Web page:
ShuVortex convergence tests interpretation
At 28. Sept Michael Dumbser wrote about the convergence rates of the Euler ShuVortex simulation:
I think the convergence results are not bad at all. The "systematic artefacts" are not artefacts, but we clearly understand where they come from and the code would be wrong if we could not see them :-) To get a clean and proper convergence table for Exahype without periodic boundary conditions, you must simulate the ShuVortex
- only until a rather small final time, say t=0.5 or t=1.0. The vortex must not touch the boundary at all, and since the vortex is an exponential function, the high order DG scheme will even see very small errors of the order 1e-7 or 1e-8, hence the Gaussian must really be perfectly flat on the boundary, well below this accuracy. Not only at the initial, but also at the final time. In numerical analysis, it is not common practice to report convergence order over simulation time. Usually, one reports the error in a certain norm (L1, L2, Linf) on a given mesh for a fixed output time, which satisfies all the necessary theoretical criteria for getting high order (sufficiently smooth solution). If convergence order drops due to boundary effects, at least one of the necessary criteria (regularity) is violated, so it is clear that no convergence at the expexted rate is observed.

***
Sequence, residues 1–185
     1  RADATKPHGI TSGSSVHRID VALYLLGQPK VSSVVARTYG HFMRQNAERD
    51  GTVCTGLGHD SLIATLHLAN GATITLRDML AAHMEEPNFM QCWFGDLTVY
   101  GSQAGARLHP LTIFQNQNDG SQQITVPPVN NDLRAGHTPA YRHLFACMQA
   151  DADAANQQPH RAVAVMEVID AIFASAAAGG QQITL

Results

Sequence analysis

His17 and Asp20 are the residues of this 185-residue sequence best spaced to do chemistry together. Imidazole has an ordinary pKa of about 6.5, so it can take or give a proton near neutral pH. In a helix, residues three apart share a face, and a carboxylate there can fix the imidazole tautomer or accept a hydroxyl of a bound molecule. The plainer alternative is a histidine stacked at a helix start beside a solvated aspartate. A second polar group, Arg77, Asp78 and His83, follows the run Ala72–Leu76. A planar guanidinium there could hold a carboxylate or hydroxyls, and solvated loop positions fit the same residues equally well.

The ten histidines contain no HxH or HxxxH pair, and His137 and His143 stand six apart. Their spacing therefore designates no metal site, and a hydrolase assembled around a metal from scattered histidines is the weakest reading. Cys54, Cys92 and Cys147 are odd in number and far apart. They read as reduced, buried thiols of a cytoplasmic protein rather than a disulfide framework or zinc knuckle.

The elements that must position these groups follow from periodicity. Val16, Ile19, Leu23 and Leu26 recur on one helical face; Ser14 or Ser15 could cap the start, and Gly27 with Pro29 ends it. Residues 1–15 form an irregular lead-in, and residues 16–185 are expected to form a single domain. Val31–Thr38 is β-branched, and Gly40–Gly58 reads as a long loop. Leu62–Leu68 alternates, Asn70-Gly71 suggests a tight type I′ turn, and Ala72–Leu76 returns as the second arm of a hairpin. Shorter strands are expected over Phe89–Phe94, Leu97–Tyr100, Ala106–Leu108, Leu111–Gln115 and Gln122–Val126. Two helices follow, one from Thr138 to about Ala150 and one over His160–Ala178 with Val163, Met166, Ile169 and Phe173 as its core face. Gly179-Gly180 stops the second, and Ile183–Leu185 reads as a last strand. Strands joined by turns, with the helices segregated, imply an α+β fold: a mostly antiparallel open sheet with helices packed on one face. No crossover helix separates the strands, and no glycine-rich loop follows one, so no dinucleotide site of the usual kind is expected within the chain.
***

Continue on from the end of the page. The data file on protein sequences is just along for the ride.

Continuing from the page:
- If you want larger simulation times, you must increase the domain size (even bigger than the canonical [0,10]^2 domain, say [-10,20]^2), in order to make sure that the Gaussian is perfectly flat on the boundary, up to the desired error threshold.
- A nice test case which works for arbitrarily large times and without periodic boundaries is the large Amplitude Alfven wave for SRMHD. Olindo can send you the setup. The exact solution is a travelling sine wave, and if you impose the exact solution on the boundaries, you should be able to simulate the problem even without periodic boundaries and without any artefact.